“They are plainly dastardly criminal and must be characterised as such ... there needs to be concomitant action to address this situation,” read one of his emails.
The lawyers for the miners argued that the emails in effect, encouraged “concomitant action” to deal with the miners – which led to the deaths on August 16.
But Farlam said there was no basis to find even on a prima facie basis that Ramaphosa was guilty of murder.
SA POLICE SERVICE
The police’s case was that they had a plan and there was no prior intention to implement the so-called tactical option on August 16, but that it became unavoidable because of an escalation in violence during the course of the morning.
But Farlam has found the decision to launch phase 3 of the plan was taken by former North West provincial commissioner Zukiswa Mbombo before or during a meeting of the NMF on August 15.
Farlam also found police had lied. “The leadership of the police, on the highest level, appears to have taken the decision not to give the true version of how it came about that the ‘tactical option’ was implemented and to conceal the fact that the plan to be implemented was hastily put together without POP [public order police]inputs or evaluation,” reads the report.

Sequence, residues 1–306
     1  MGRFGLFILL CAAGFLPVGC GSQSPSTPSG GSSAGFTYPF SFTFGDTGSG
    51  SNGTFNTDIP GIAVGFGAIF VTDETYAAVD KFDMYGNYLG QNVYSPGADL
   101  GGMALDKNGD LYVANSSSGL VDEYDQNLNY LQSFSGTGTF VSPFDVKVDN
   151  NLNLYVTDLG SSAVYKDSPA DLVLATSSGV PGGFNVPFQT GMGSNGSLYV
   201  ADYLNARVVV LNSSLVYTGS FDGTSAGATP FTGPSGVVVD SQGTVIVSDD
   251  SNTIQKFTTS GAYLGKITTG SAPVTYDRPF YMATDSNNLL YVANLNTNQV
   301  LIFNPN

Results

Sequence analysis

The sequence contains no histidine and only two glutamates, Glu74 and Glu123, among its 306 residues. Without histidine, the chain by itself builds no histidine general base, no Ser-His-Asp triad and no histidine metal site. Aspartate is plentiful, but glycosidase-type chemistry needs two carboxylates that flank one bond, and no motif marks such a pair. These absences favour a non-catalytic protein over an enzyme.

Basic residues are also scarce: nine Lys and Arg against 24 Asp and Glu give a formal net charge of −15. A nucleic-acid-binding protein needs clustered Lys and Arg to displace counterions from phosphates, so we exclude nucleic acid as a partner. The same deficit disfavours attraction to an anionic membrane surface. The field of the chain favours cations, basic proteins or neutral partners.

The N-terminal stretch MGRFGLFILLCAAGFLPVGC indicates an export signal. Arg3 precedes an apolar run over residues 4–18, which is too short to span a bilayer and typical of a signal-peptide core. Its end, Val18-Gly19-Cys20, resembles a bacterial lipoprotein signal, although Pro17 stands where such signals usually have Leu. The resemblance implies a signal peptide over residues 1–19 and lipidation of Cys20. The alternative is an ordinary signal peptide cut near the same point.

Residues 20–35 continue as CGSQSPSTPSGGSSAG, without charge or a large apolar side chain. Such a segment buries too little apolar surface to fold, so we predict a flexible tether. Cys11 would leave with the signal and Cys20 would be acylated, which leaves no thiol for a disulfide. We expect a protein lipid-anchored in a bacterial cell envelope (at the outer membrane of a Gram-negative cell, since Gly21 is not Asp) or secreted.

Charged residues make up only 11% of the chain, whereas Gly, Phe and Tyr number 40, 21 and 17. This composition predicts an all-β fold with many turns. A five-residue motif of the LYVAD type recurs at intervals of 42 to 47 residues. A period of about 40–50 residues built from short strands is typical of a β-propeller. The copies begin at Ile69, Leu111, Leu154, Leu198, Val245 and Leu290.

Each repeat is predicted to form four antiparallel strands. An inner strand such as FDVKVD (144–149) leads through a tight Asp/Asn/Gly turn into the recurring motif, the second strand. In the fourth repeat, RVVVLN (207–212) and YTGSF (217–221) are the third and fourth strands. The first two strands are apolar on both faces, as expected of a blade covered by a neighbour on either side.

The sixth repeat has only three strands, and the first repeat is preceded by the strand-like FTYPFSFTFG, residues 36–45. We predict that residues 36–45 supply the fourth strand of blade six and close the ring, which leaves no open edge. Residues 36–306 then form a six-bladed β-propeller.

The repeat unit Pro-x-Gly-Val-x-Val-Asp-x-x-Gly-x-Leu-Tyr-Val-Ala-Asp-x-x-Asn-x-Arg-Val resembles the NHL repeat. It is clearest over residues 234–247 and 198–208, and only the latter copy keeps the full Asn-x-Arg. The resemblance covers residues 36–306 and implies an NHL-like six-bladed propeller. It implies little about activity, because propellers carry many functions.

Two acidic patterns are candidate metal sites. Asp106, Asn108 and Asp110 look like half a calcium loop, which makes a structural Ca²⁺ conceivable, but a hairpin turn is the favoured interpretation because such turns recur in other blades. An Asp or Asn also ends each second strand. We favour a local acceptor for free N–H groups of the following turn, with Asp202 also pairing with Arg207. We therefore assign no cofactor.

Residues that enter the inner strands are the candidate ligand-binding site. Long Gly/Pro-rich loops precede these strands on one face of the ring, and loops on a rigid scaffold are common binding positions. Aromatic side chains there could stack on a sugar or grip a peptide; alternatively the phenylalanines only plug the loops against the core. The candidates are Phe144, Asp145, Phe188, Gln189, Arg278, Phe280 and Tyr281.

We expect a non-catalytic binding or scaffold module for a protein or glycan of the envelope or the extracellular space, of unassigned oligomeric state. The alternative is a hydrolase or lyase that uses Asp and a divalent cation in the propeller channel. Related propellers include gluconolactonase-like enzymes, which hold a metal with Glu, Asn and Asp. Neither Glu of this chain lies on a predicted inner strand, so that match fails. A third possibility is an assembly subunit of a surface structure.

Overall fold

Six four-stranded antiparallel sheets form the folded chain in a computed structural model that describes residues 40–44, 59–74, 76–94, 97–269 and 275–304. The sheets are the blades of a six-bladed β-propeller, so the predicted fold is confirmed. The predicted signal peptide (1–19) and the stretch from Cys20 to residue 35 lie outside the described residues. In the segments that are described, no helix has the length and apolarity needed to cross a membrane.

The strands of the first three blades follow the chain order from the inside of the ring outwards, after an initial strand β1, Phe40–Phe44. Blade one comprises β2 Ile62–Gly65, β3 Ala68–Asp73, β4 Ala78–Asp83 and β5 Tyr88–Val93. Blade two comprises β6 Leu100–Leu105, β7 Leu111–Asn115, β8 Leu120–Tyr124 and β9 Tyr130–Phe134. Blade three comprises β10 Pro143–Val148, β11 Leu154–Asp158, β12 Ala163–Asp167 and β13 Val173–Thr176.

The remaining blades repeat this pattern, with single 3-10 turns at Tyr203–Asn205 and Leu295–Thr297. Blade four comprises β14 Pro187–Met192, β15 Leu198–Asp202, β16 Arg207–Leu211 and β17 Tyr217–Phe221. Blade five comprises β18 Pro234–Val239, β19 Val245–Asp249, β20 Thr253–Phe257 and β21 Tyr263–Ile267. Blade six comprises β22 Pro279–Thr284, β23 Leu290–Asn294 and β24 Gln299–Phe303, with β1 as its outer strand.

He found there was “at least a prima facie case” that National Police Commissioner Riah Phiyega and Mbombo approved an SA Police Service (SAPS) presentation, which contained incorrect facts.
Farlam said officers who fired at scene 1 had reason to believe they were facing an imminent attack. But there were indications that some might well have exceeded the bounds of self or private defence, in which case there was at least a prima facie case that they were guilty of attempted murder.
3 The provincial commissioner of the North West testified that she knew Ramaphosa had called Mthethwa, but claimed the call did not influence her decision making. Farlam noted that the explanation was unconvincing.
He also agreed with evidence leaders that she was unable to provide a coherent and compelling explanation for the sentiments she expressed and testified under cross-examination.
He found a meeting between Mbombo and the Lonmin management resulted in the decision that August 16 was to be “D-Day”, when the strikers either voluntarily laid down their arms and left the koppie, or were forced to do so as a result of police action.
Farlam said it was common cause that the decision was not taken by the tactical commanders on the ground. Mbombo’s decision was later “endorsed” by the SAPS leadership at an “extraordinary session” of the NMF held after its ordinary meeting on the evening of August 15.